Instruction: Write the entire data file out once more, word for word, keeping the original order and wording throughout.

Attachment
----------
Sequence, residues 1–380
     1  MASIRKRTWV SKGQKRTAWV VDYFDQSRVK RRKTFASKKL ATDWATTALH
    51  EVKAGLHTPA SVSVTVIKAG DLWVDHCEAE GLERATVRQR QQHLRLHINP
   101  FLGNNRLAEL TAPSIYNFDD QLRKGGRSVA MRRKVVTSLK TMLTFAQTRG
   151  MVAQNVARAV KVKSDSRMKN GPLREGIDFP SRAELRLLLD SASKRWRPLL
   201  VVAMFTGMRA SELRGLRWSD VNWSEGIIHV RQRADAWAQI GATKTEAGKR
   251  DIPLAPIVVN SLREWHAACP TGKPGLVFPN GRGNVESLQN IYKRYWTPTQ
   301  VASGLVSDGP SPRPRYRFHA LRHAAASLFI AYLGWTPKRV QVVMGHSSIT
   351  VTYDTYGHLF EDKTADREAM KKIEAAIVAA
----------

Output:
Sequence, residues 1–380
     1  MASIRKRTWV SKGQKRTAWV VDYFDQSRVK RRKTFASKKL ATDWATTALH
    51  EVKAGLHTPA SVSVTVIKAG DLWVDHCEAE GLERATVRQR QQHLRLHINP
   101  FLGNNRLAEL TAPSIYNFDD QLRKGGRSVA MRRKVVTSLK TMLTFAQTRG
   151  MVAQNVARAV KVKSDSRMKN GPLREGIDFP SRAELRLLLD SASKRWRPLL
   201  VVAMFTGMRA SELRGLRWSD VNWSEGIIHV RQRADAWAQI GATKTEAGKR
   251  DIPLAPIVVN SLREWHAACP TGKPGLVFPN GRGNVESLQN IYKRYWTPTQ
   301  VASGLVSDGP SPRPRYRFHA LRHAAASLFI AYLGWTPKRV QVVMGHSSIT
   351  VTYDTYGHLF EDKTADREAM KKIEAAIVAA